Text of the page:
Over the years, Conan Doyle indulged in, and mastered, cricket, soccer, rugby, golf, boxing, car-racing, horsemanship, hunting and biking. He took a swing at baseball while on a trip to North America. In fact, other than Ernest Hemingway, it’s hard to name a writer more suited to the role of action hero.

I was particularly surprised to learn that Conan Doyle was among the very first to ski on the Swiss Alps and introduced his countrymen to the sport.

In 1894, when Conan Doyle visited Norway and Switzerland, skiing was not popular in those countries; few Swiss ever tried downhill skiing. The adventurous author, who’d done cross-country skiing in Norway, had to import a pair of downhill skis from there to Switzerland. He and two Swiss companions “created quite a little excitement” among locals when they swooped down the slopes at Arosa, he wrote his mother proudly.

The source for that is the book Sir Arthur Conan Doyle, a Life in Letters, which I found enormously helpful. It also quotes an account Conan Doyle wrote for Strand Magazine titled “An Alpine Pass on Ski.” In it, he predicted, accurately, “Ski-ing opens up a field of sport which is, I think unique. I am convicted that the time will come when hundreds of Englishmen will come to Switzerland for the ski-ing season in March and April.”

Conan-Doyle was very proud of his contribution to the sport, later devoting three pages to the subject in his memoirs:

“I think I’m right in saying that these and other excursions of ours first demonstrated their possibilities to the people of the country and have certainly sent a good many thousands of pounds since then into Switzerland. If my rather rambling career in sport has been of any practical value to anyone it is probably in this matter.”

Bicycling was just one of the many sports Conan Doyle enjoyed.

Bicycling was just one of the many sports Conan Doyle enjoyed.

In reading Conan-Doyle’s own words, what was most useful to me as a novelist was to get a sense of his playful manner of speech, warmth and modesty. His magazine article was full of self-deprecating humor.

“There is nothing peculiarly malignant in the appearance of a pair of ski,” he wrote. “No one to look at them would guess at the possibilities which lurk in them. But you put them on and you turn with a smile to see whether your friends are looking at you, and then the next moment you are boring your head madly in to a snowbank and kicking frantically with both feet and half rising to butt viciously into that snowbank again, and your friends are getting more entertaining than they had ever thought of you capable of providing.”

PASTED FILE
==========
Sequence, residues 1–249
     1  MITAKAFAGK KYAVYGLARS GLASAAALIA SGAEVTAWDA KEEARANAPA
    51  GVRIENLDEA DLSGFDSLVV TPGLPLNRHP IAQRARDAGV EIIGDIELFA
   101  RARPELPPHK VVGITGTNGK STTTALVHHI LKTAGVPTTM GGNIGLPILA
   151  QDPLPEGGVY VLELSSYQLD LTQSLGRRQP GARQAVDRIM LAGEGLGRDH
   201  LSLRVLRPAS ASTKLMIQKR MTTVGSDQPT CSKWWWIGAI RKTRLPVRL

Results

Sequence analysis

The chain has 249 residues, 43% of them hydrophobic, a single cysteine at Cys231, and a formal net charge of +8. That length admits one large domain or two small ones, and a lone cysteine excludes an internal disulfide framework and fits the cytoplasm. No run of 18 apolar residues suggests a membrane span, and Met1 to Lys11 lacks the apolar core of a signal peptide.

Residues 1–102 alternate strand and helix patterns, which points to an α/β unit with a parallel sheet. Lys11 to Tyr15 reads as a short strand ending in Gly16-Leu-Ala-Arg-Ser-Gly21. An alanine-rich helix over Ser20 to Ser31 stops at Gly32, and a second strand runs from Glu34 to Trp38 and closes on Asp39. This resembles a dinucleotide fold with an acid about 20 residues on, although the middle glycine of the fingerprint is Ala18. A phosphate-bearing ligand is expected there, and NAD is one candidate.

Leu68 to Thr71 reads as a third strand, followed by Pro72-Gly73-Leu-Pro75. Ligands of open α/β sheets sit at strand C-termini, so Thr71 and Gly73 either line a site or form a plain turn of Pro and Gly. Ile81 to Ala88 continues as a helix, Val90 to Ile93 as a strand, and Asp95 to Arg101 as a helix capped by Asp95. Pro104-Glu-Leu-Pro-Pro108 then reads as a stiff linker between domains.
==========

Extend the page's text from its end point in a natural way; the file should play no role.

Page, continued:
About sliding down the mountainside on his backside in a less than dignified manner, he joked, “My tailor tells me Harris tweed cannot wear out. That will not stand a thorough scientific test.”

Conan Doyle’s autobiography, Memories and Adventures, includes a chapter on his sporting activities that concludes with a summation of the importance of such manly exploits in his life:

“It gives health and strength, but above all it gives a certain balance of mind without which a man is not complete. To give and take, to accept success modestly and defeat bravely, to fight against odds, to give credit to your enemy and value to your friend—these are some of the lessons that true sport should impart.”

Copyright C. Michael Forsyth

May 22 is Conan Doyle’s birthday. So now through Thursday, May 22, my new thriller Sir Arthur Conan Doyle & Harry Houdini in The Adventure of the Spook House. Best of all, today thru May will be FREE in every eBook format at Smashwords.com Enter coupon code WD87N.

The creator of Sherlock Holmes and the world's greatest magician probe a paranormal  mystery in new thriller.

The creator of Sherlock Holmes and the world’s greatest magician probe a paranormal mystery in new thriller.

Sir Arthur Conan Doyle & Harry Houdini in the Adventure of the Spook House is continuing to get rave reviews from fans of Arthur Conan Doyle, creator of Sherlock Holmes.

From the Sherlock Holmes Society of London: “Sir Arthur Conan Doyle & Harry Houdini in The Adventure of the Spook House is an adventure story with depth, full of atmosphere, suspense, ingenuity and a real feeling for place, period and personality. Intensive research, a good ear for rhythms of speech and a literate style make for a cracking good read.”

The spanking new book trailer is now up on YouTube.

New York City dwellers, support independent bookstores by purchasing your autographed copy at The Mysterious Bookshop, which specializes in mysteries and is a neat place to browse. It’s located at 58 Warren St in Tribeca, open Monday-Saturday from 11am-7pm. (212) 587-1011

Support independent bookstores!

Support independent bookstores!